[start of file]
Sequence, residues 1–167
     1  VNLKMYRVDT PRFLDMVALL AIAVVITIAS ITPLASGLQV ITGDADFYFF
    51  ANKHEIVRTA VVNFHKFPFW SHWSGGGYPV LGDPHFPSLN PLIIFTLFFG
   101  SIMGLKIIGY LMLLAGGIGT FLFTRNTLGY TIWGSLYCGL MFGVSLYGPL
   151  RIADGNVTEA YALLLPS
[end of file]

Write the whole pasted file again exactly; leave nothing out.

Sequence, residues 1–167
     1  VNLKMYRVDT PRFLDMVALL AIAVVITIAS ITPLASGLQV ITGDADFYFF
    51  ANKHEIVRTA VVNFHKFPFW SHWSGGGYPV LGDPHFPSLN PLIIFTLFFG
   101  SIMGLKIIGY LMLLAGGIGT FLFTRNTLGY TIWGSLYCGL MFGVSLYGPL
   151  RIADGNVTEA YALLLPS